Environmental groups across the country are celebrating a recent victory — President Obama’s decision to reject the Keystone XL pipeline. This political decision was at best an ideological choice, with very real, and perhaps unintended economic consequences. At worse, it may have driven a stake in the growing wedge between labor groups and environmental organizations. Mayors are pragmatic chief of executives of their cities, who are often focused on solving problems and coming up with solutions. As a party, Democrats must lead and serve like mayors.
President Barack Obama and I have something in common. He is America’s first African-American president, and I was Denver’s first African-American mayor.
That designation carries extra responsibility, because we know our records will help or hinder others who seek high office. When the first African American runs for office, the first question many voters ask is, can he or she govern well? As “firsts,” we had the challenge to answer that question so it would never be asked again.
The word “retirement” is not part of my vocabulary and since leaving the mayor’s office in 2003 I have not taken more than a few days off, except for vacations with my wife and family.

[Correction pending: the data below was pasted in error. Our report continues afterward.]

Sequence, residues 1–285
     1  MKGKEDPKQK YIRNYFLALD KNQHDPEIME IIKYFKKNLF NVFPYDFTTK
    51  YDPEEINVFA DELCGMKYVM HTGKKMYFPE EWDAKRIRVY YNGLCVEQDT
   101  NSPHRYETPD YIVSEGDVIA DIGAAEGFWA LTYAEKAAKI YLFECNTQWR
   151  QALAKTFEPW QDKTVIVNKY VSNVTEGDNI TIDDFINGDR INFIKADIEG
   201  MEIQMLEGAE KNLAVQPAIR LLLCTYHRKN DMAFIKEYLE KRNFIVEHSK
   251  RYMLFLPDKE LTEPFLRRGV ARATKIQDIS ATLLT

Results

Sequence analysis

But a knee replacement this summer, followed by more than a month of physical therapy, has given me time to reflect on a number of things, including the recent renewed diplomatic relationship between the United States and Cuba.
I served as Mayor of Denver from 1991 to 2003 and was the only mayor in U.S. history to serve as president of the U.S. Conference of Mayors, the National Conference of Democratic Mayors and the National Conference of Black Mayors. Through my experiences, I have seen Americans go through hard times, but I have also seen the power that strong economic policies that drive investment, create jobs, and bring hope to Americans can have on our communities.
WEBB: LET THE PEOPLE DECIDE…
Next month, the Denver Public School Board will decide on a replacement for Nate Easley Jr., a former board president who has served the Montbello, Green Valley Ranch and Stapleton neighborhoods since 2009.
Easley will step down from his seat in March to become the executive director of the Denver Scholarship Fund.
All Denver residents should be asking: What criteria will be used to pick his replacement? How transparent will the process be?
WEBB: IN DEFENSE OF A GOOD WOMAN
As a former delegate to the United Nations, I have been especially dismayed by the personal attacks of some Republican critics against UN Ambassador Susan Rice and her comments shortly after the Sept. 11 Benghazi attack.
I saw firsthand in 2009 how Rice and her staff work with information coming through Washington in the most thorough and thoughtful way. As President Obama has strongly defended, Rice’s comments were based on intelligence that she had received and what the administration knew at the time.